Guy Gavriel Kay has a new book coming out next week!
A new GG Kay book is always cause for celebration and this one is no exception. Start lining up at the bookstore: Children of Earth and Sky goes on sale on May 10.
Not familiar with this award-winning, international-bestselling, Canadian author’s books? (Seriously? What have you been reading all this time?) Kay’s books combine history and fantasy with a distinctive storytelling voice, compelling characters, and unique settings.
Many of the books are interrelated; they take place in the same universe, although at different times throughout the history of that universe. Children of Earth and Sky is set in Renaissance Europe, and is one of his best.
I would recommend Children of Earth and Sky to anyone, but I especially recommend it if you love epic sagas, historical fiction with enough detail to make it utterly believable, a hint of fantasy to lift it from the ordinary, and if you love books with a large cast of relatable characters journeying to far flung locations engaging in heroic adventures. There is love and hardship, war, and intrigue, and of course, a map at the beginning, essential for any good historical fantasy book worth its weight.
Can’t wait until May 10 to start reading?
Then start with his earlier works in the meantime. There’s something here for everyone:
Sailing to Sarantium and Lord of Emperors take place in Byzantium in the 6th century at the time of Justinian I: roman empire, chariot racing, political intrigue, artists, romance, and pagan magic. These might be my faves.
The Lions of Al-Rassan: Andalusian Spain during the time of El Cid in the 11th century. More political intrigue (present in all of Kay’s books, and something he always does well), religious conflict between three warring groups (think Jews, Christians and Muslims, only fictional), heroics, romance… This one’s got it all.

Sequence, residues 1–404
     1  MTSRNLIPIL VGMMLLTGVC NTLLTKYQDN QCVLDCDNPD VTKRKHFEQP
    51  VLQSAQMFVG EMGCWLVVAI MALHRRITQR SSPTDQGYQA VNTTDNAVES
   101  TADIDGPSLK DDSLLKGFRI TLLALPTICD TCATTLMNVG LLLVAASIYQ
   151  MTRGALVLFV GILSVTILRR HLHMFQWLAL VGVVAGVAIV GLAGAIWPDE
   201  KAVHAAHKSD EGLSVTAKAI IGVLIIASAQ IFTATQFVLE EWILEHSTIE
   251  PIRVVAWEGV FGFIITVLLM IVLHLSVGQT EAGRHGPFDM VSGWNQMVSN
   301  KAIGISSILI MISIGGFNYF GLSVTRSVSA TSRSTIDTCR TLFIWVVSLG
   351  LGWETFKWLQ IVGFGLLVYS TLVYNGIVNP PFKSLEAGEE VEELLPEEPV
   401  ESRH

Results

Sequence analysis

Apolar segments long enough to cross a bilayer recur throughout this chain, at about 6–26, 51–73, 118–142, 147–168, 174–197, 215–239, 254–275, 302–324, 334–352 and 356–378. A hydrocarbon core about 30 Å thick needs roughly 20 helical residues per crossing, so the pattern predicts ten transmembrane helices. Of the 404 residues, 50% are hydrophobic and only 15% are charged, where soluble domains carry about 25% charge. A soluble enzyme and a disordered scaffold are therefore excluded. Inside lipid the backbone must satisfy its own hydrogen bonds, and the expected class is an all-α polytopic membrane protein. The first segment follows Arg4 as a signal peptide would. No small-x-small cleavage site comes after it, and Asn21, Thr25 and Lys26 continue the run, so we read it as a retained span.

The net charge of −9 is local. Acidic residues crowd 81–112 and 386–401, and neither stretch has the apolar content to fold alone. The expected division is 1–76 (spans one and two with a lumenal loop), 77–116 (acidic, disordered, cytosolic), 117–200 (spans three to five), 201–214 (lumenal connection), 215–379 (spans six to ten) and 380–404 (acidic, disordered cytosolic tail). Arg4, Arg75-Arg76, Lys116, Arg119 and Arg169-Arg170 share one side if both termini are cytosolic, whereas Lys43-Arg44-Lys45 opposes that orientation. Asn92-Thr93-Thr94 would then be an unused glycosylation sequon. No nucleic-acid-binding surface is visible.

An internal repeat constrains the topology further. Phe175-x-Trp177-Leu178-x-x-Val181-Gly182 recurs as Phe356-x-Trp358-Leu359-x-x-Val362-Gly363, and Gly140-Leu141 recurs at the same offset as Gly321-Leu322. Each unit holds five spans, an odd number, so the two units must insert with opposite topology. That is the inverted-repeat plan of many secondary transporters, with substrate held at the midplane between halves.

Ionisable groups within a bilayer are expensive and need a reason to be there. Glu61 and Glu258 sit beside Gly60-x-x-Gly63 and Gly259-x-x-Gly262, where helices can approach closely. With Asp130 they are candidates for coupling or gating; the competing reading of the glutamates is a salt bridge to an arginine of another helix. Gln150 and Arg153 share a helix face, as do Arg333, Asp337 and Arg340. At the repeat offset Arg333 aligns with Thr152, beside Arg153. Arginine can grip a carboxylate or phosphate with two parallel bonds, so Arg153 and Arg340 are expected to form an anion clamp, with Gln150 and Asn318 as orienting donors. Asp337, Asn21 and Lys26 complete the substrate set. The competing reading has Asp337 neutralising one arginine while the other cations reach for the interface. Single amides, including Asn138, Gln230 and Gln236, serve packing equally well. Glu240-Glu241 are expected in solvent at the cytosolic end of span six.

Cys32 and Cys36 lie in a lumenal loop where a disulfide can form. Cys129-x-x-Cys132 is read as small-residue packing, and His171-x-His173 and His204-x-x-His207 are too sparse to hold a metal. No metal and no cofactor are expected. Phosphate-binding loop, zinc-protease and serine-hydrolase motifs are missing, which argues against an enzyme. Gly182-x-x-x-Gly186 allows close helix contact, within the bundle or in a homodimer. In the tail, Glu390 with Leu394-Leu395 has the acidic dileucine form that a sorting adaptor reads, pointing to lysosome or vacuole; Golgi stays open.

The Last Light of the Sun: Saxon England at the time of Alfred the Great in the 9th century. Vikings! Faeries! Revenge! Set in the same historical world as Lions and the Sarantine Mosaic books, as well as Children of Earth and Sky.
A Song for Arbonne takes its inspiration from medieval Provence, with troubadours and courtly love, feuding dukes and warring religions.
Ysabel is a contemporary fantasy book about a boy who accompanies his father to Provence and becomes enmeshed in an ancient story of Romans and Celts. This book won the 2008 World Fantasy Novel award and was the one that got me hooked on Kay’s books.
Tigana leans more towards fantasy than history, and deals with warring sorcerers and a rebellious country whose name and history have been magically erased from the minds of its inhabitants.
Under Heaven (Tang Dynasty China during the 8th century) and River of Stars (several hundred years later, during the Song Dynasty). These two historical fiction novels are filled with dynastic struggles and palace intrigue, rebellions and battles.
Finally, there are the three books that make up the Fionavar Tapestry (The Summer Tree, The Wandering Fire and The Darkest Road), Kay’s earliest works. Five U of T students are magically whisked from modern day Toronto to Fionavar to fulfill their destinies and complete their quests. The books are LOTR-esque, with Arthurian characters and Norse mythology mixed in.
Those should keep you busy until Children of Earth and Sky comes out. I was lucky enough to receive an advance copy from Penguin Random House, and I loved it, but I read it too quickly, and now I have to wait impatiently for Kay’s next book… which means I’ll just have to start re-reading all his other books to pass the time.